Was batik really worn by college men, or was it a marketing ploy by clothiers, as one reader recently suggested?
Some examples of ads from campus newspapers during the Ivy heyday. In the next post, we’ll show you some examples of batik in 2014. — CS & CC (Continue)
As we reach the heart of summer, I sense a deprivation. It goes virtually unnoticed, and yet it is there for any Ivy enthusiast to investigate. The stores are full of the requisite madras and seersucker, but little else. Compared to the Ivy boom years, or even the golden age of the 1930s, it appears as if part of the color palette is missing, pattern is virtually nonexistent, and ethnically diverse fabrics are nowhere to be found. Some will contend that this is natural selection, that madras and seersucker won fair and square. Others will point out that in a shrinking market, you offer what sells and no longer take risks. A third faction will wish we not peruse the subject at all. But we are going there.
Before the full ascent of the counter culture, back in the days of in loco parentis, there was a burst of sartorial hedonism on campus that students took to with Tahitian abandon. This was expressed in an appreciation for native fabrics. The first fabric family are those that use a dye-resistant technique. This style of cloth dates back at least 1,500 years, and is found in Africa, the Middle East, India and China. For many enthusiasts, the pinnacle of this style is represented in the batiks of Java and the East Indies. Batik takes it entomological roots from the word “ambatik,” which means “to write with little dots.” The word harkens back to the Dutch colonial period, when various forms of the word like mbatek, batik, batek and battik were used. Dutch records from the 17th century report “highly decorated fabrics,” but it wasn’t until the importation of fine quality cloth in the 19th century that allowed the elaborate style to flourish. (Continue)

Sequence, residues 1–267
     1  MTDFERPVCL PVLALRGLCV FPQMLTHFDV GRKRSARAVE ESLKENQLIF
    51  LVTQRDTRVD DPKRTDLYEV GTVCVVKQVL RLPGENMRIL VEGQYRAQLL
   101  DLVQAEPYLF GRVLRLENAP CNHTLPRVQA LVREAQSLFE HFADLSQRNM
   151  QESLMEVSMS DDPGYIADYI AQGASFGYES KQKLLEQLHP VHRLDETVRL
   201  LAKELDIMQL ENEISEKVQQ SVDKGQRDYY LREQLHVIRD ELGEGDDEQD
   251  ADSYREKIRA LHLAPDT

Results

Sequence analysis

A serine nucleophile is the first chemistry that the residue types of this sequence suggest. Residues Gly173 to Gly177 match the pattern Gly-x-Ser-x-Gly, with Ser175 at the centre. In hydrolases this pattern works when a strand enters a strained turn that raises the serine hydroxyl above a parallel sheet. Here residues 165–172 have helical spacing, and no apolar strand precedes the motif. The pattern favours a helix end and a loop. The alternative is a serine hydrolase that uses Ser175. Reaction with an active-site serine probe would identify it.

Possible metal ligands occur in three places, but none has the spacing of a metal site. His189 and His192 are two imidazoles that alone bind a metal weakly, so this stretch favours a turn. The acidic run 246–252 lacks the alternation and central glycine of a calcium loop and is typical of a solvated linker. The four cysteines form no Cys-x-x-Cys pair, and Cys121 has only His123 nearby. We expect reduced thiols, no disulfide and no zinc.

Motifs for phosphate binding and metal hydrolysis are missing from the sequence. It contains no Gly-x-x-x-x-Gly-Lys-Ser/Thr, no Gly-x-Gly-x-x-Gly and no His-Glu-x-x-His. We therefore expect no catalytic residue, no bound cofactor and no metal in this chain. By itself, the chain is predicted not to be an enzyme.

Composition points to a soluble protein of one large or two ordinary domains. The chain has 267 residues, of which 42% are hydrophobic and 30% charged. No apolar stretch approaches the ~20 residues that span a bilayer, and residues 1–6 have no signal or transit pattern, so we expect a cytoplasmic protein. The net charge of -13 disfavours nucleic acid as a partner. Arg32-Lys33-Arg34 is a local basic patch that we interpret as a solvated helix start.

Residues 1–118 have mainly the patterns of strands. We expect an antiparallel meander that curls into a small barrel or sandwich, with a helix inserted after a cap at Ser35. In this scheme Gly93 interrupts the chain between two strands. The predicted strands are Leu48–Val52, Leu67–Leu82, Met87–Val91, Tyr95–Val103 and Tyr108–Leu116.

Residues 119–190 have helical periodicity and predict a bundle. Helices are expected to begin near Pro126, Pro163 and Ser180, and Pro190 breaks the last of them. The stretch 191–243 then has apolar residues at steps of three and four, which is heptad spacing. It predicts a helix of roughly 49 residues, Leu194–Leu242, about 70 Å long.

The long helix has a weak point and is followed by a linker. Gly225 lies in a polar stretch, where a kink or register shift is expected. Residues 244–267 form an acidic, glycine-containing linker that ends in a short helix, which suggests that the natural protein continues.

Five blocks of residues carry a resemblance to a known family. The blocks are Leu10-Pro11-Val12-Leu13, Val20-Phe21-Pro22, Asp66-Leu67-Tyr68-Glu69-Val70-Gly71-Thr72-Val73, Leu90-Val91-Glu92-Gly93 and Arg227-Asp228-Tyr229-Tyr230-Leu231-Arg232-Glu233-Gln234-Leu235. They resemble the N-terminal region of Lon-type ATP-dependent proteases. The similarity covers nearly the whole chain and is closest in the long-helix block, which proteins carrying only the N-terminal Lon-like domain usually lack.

In a 1973 issue of the Princeton Alumni Weekly, Richard K. Rein wrote about P-Town’s legendary clothing shop Langrock. “Princeton’s oldest and most successful men’s clothing store,” he wrote, “is a curious mix of effete snobbery, highbrow intellectualism, and small town warmth and personal service that remained singularly unruffled by the sweeping sartorial changes occurring about it.”